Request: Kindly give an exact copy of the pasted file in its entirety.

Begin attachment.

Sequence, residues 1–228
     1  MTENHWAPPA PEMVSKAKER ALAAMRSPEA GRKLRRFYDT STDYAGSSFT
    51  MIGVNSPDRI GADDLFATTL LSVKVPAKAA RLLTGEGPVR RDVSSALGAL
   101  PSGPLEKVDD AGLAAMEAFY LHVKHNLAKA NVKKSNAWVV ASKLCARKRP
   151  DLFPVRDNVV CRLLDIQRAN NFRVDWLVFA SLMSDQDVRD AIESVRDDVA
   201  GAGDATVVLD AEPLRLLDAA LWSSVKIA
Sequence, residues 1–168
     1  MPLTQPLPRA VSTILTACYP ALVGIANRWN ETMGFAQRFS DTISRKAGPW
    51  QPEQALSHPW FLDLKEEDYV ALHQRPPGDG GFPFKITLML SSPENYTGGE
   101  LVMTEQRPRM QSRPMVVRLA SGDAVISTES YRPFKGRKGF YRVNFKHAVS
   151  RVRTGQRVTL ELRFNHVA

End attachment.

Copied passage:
Sequence, residues 1–228
     1  MTENHWAPPA PEMVSKAKER ALAAMRSPEA GRKLRRFYDT STDYAGSSFT
    51  MIGVNSPDRI GADDLFATTL LSVKVPAKAA RLLTGEGPVR RDVSSALGAL
   101  PSGPLEKVDD AGLAAMEAFY LHVKHNLAKA NVKKSNAWVV ASKLCARKRP
   151  DLFPVRDNVV CRLLDIQRAN NFRVDWLVFA SLMSDQDVRD AIESVRDDVA
   201  GAGDATVVLD AEPLRLLDAA LWSSVKIA
Sequence, residues 1–168
     1  MPLTQPLPRA VSTILTACYP ALVGIANRWN ETMGFAQRFS DTISRKAGPW
    51  QPEQALSHPW FLDLKEEDYV ALHQRPPGDG GFPFKITLML SSPENYTGGE
   101  LVMTEQRPRM QSRPMVVRLA SGDAVISTES YRPFKGRKGF YRVNFKHAVS
   151  RVRTGQRVTL ELRFNHVA